• The things that kids will say

  • when you ask them and take the time to listen

  • is extraordinary.

  • Fast-forward to Pennsylvania, where I find myself today.

  • I teach at the Science Leadership Academy,

  • which is a partnership school between the Franklin Institute

  • and the school district of Philadelphia.

  • We are a nine through 12 public school,

  • but we do school quite differently.

  • I moved there primarily

  • to be part of a learning environment

  • that validated the way that I knew that kids learned,

  • and that really wanted to investigate

  • what was possible

  • when you are willing to let go

  • of some of the paradigms of the past,

  • of information scarcity when my grandmother was in school

  • and when my father was in school and even when I was in school,

  • and to a moment when we have information surplus.

  • So what do you do when the information is all around you?

  • Why do you have kids come to school

  • if they no longer have to come there to get the information?

  • In Philadelphia we have a one-to-one laptop program,

  • so the kids are bringing in laptops with them everyday,

  • taking them home, getting access to information.

  • And here's the thing that you need to get comfortable with

  • when you've given the tool

  • to acquire information to students,

  • is that you have to be comfortable with this idea

  • of allowing kids to fail

  • as part of the learning process.

  • We deal right now in the educational landscape

  • with an infatuation

  • with the culture of one right answer

  • that can be properly bubbled on the average multiple choice test,

  • and I am here to share with you:

  • it is not learning.

  • That is the absolute wrong thing to ask,

  • to tell kids to never be wrong.

  • To ask them to always have the right answer

  • doesn't allow them to learn.

  • So we did this project,

  • and this is one of the artifacts of the project.

  • I almost never show them off

  • because of the issue of the idea of failure.

  • My students produced these info-graphics

  • as a result of a unit that we decided to do at the end of the year

  • responding to the oil spill.

  • I asked them to take the examples that we were seeing

  • of the info-graphics that existed

  • in a lot of mass media,

  • and take a look at what were the interesting components of it,

  • and produce one for themselves

  • of a different man-made disaster from American history.

  • And they had certain criteria to do it.

  • They were a little uncomfortable with it,

  • because we'd never done this before, and they didn't know exactly how to do it.

  • They can talk -- they're very smooth,

  • and they can write very, very well,

  • but asking them to communicate ideas in a different way

  • was a little uncomfortable for them.

  • But I gave them the room to just do the thing.

  • Go create. Go figure it out.

  • Let's see what we can do.

  • And the student that persistently

  • turns out the best visual product did not disappoint.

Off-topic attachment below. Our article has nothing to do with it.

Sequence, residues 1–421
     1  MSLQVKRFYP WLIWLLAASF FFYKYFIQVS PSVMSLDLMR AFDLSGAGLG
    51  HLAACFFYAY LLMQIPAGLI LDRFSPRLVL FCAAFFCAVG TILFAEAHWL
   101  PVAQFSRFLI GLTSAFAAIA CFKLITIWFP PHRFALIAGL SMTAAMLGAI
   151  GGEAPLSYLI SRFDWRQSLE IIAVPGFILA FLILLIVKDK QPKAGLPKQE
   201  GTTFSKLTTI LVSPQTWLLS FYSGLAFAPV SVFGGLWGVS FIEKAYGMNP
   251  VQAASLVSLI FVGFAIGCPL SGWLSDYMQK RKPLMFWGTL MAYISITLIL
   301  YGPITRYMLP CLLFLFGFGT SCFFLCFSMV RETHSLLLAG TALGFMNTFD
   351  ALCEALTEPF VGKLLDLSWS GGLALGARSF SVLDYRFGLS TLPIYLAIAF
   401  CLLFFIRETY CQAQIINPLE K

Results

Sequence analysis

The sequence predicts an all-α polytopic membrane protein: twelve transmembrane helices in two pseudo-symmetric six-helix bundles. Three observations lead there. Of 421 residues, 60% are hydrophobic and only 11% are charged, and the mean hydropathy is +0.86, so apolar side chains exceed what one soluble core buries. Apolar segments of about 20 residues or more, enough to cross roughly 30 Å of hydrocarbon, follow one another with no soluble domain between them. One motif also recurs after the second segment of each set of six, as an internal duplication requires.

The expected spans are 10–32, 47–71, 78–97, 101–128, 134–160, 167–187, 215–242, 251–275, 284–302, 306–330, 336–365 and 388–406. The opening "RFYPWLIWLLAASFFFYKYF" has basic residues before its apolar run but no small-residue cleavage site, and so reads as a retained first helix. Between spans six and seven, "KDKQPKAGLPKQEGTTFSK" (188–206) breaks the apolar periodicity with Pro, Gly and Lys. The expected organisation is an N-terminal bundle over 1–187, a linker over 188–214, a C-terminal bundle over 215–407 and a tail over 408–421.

• This was done in like two or three days.

  • And this is the work of the student that consistently did it.

  • And when I sat the students down, I said, "Who's got the best one?"

  • And they immediately went, "There it is."

  • Didn't read anything. "There it is."

  • And I said, "Well what makes it great?"

  • And they're like, "Oh, the design's good, and he's using good color.

  • And there's some ... " And they went through all that we processed out loud.

  • And I said, "Go read it."

  • And they're like, "Oh, that one wasn't so awesome."

  • And then we went to another one --

  • it didn't have great visuals, but it had great information --

  • and spent an hour talking about the learning process,

  • because it wasn't about whether or not it was perfect,

  • or whether or not it was what I could create.

  • It asked them to create for themselves,

  • and it allowed them to fail,

  • process, learn from.

  • And when we do another round of this in my class this year,

  • they will do better this time,

  • because learning

  • has to include an amount of failure,

  • because failure is instructional

  • in the process.

  • There are a million pictures

  • that I could click through here,

  • and had to choose carefully -- this is one of my favorites --

  • of students learning,

  • of what learning can look like

  • in a landscape where we let go of the idea

  • that kids have to come to school to get the information,

  • but instead, ask them what they can do with it.

  • Ask them really interesting questions.

  • They will not disappoint.

  • Ask them to go to places,

  • to see things for themselves,

  • to actually experience the learning,

  • to play, to inquire.

  • This is one of my favorite photos,

  • because this was taken on Tuesday,

  • when I asked the students to go to the polls.

  • This is Robbie, and this was his first day of voting,

  • and he wanted to share that with everybody and do that.

  • But this is learning too,

  • because we asked them to go out into real spaces.

  • The main point

  • is that, if we continue to look at education

  • as if it's about coming to school

  • to get the information

  • and not about experiential learning,

  • empowering student voice and embracing failure,

  • we're missing the mark.

  • And everything that everybody is talking about today

  • isn't possible if we keep having an educational system

  • that does not value these qualities,

  • because we won't get there with a standardized test,

  • and we won't get there with a culture of one right answer.